How To Treat Symptoms of Vaginal Dryness

It’s a fact of life that nearly every post-menopausal women will experience vaginal atrophy, a chronic condition that causes discomfort and sexual dysfunction due to a natural decline in estrogen at menopause. The symptoms include vaginal dryness, resulting from the thinning and inflammation of the vaginal walls, burning and itching in and around the vagina, urinary problems and painful intercourse. Naturally, these uncomfortable symptoms can impact a woman’s quality of life and put a strain on her relationship with her partner.

Sadly, despite the availability of safe and effective products for vaginal atrophy, most women with this condition are reluctant to seek treatment because they’re embarrassed talking about this very private problem with their gynecologist. In fact, in a presentation on “vaginal aging” by Dr. Michael Krychman, at the recent conference of the North American Menopause Society (NAMS), I learned that of the estimated 32 million women in the U.S. who have vaginal atrophy, only seven percent receive prescription treatment.

Clearly, it’s time for women to speak up and ask for help in selecting the right treatment for her symptoms. There are many options include systemic hormone therapy, local vaginal estrogen, and a range of lubricants and moisturizers that can be used alone or in combination with hormone therapy. Your physician can help you determine the best way to go. Here’s a brief summary of what you have to choose from:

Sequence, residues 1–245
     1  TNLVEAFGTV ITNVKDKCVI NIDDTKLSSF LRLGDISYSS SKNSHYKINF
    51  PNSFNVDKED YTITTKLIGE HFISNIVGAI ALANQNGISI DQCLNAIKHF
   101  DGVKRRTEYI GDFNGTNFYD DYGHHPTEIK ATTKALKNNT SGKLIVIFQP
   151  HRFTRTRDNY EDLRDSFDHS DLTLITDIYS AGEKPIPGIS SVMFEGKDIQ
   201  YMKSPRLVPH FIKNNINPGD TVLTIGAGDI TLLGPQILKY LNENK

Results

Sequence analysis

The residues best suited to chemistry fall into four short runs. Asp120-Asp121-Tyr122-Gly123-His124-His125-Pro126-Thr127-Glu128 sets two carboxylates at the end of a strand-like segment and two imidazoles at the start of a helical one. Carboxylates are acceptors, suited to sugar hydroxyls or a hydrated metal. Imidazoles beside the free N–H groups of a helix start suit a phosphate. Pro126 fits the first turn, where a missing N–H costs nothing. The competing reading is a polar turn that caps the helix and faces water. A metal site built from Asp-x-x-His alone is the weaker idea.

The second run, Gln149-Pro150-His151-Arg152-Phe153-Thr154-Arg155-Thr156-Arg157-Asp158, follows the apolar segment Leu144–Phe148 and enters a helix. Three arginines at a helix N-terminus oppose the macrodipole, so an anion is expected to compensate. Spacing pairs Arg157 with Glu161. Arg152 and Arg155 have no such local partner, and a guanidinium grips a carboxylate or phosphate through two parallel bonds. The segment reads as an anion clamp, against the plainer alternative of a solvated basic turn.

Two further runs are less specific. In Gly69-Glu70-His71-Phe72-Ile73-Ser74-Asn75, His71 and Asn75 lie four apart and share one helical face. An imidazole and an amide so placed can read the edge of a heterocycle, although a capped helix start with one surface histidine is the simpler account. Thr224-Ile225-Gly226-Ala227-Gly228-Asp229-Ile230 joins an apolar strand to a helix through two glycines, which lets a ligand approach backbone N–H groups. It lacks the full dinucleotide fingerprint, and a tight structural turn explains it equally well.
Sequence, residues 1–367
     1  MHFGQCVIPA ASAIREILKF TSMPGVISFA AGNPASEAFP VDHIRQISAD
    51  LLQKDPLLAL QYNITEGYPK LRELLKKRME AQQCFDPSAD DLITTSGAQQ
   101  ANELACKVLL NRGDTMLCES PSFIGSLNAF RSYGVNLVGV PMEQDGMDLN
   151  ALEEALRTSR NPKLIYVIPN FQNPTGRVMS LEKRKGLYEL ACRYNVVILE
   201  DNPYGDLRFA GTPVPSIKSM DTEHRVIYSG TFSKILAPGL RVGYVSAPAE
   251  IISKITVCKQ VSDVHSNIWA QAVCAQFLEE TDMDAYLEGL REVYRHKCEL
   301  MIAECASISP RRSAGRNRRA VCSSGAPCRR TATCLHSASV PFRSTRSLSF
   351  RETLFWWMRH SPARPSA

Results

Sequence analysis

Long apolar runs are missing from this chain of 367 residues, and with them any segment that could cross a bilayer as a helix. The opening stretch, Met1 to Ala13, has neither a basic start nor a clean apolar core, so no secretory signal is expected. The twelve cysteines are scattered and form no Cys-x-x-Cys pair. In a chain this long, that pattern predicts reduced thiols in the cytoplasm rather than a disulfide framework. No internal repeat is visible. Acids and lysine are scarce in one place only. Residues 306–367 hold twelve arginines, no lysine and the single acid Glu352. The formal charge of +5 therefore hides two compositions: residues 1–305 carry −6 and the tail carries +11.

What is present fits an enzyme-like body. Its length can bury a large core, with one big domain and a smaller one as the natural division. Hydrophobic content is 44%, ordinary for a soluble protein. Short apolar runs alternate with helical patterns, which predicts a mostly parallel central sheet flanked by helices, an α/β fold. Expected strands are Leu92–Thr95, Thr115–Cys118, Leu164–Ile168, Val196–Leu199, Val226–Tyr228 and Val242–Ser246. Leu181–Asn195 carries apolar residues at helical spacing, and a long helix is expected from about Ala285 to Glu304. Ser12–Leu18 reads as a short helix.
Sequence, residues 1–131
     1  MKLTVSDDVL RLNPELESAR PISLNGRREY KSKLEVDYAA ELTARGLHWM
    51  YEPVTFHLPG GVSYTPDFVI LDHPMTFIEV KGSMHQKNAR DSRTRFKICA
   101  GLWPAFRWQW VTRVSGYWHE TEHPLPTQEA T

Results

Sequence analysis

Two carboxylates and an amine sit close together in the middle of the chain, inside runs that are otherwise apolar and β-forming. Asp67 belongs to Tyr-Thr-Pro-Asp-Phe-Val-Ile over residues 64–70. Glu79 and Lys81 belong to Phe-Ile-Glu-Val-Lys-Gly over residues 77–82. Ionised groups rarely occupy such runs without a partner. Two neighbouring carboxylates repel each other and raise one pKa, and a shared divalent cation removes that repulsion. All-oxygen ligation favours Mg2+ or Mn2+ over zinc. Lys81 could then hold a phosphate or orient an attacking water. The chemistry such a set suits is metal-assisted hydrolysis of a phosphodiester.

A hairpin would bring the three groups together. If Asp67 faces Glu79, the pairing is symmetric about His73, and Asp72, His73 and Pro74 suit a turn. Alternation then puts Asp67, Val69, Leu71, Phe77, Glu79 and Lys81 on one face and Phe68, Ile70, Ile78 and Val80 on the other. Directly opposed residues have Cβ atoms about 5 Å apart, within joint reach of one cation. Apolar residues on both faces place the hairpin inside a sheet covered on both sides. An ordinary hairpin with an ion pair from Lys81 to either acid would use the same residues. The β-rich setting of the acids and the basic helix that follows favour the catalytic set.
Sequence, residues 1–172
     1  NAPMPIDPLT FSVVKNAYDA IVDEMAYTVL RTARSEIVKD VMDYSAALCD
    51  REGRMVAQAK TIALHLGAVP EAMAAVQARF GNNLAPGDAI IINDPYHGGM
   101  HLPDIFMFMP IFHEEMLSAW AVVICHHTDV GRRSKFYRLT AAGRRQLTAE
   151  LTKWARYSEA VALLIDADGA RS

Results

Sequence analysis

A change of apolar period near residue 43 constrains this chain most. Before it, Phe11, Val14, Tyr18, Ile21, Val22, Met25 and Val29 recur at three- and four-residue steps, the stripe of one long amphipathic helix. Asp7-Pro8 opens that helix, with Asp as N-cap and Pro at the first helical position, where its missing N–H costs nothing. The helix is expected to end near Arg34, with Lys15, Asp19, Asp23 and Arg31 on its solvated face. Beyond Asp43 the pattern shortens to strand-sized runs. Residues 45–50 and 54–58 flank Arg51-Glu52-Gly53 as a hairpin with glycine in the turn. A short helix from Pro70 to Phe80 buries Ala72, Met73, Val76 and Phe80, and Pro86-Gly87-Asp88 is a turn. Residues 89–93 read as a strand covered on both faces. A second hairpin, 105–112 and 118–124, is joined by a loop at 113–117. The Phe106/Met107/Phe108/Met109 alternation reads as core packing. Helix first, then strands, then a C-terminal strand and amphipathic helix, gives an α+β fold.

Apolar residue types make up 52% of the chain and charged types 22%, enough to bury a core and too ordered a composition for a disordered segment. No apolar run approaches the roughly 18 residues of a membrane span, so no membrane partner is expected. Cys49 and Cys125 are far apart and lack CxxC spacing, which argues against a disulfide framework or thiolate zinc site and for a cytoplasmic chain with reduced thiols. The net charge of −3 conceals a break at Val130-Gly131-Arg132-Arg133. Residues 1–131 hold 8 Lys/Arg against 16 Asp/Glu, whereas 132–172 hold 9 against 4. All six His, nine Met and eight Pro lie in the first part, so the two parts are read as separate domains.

Local Estrogen – With this approach, a low dose of estrogen is delivered to the vagina, with minimal absorption to the rest of the body. A prescription is required and the amount of estrogen in each product varies. There are three options: you can use a cream such as Estrace; a tablet called VagiFem; or a soft, flexible ring called Estring, which must be changed every three months by you or your physician. When using a local estrogen cream or tablet, the recommended approach, according to Dr. Lauren Streicher, a Chicago gynecologist and expert contributor to the Dr Oz Blog, is to begin with daily use for 14 days followed by maintenance therapy twice weekly. “I have many patients with miild atrophy that do well with once weekly dosing, but that is not standard protocol,” she said.

There are also many estrogen-free, lubricants and moisturizers that can help relieve pain during intercourse. These over-the-counter products are available in liquid or gel form and are applied directly to the vagina and vulva. They’re particularly good for women who cannot or do not want to use local estrogen therapy.

Most lubricants such as Astroglide, K-Y Jelly, and FemGlide provide only short term, temporary help during sex. If dryness is a recurring complaint, a long-lasting vaginal moisturizer such as Replens, Hyalo Gyn, or Luvena Prebiotic might be a better choice for immediate and long-lasting moisture and relief. They are applied regularly every three or four days. (For a limited time, you can receive a free sample of Replens. Click here for information.)

As “Shmirshky” author Ellen Dolgen always says, “Reaching out is IN! Suffering in silence is OUT!  So if you’re experiencing any of the symptoms I’ve described, do yourself a BIG favor and make an appointment with your gynecologist and decide together which of these treatments would be best for you.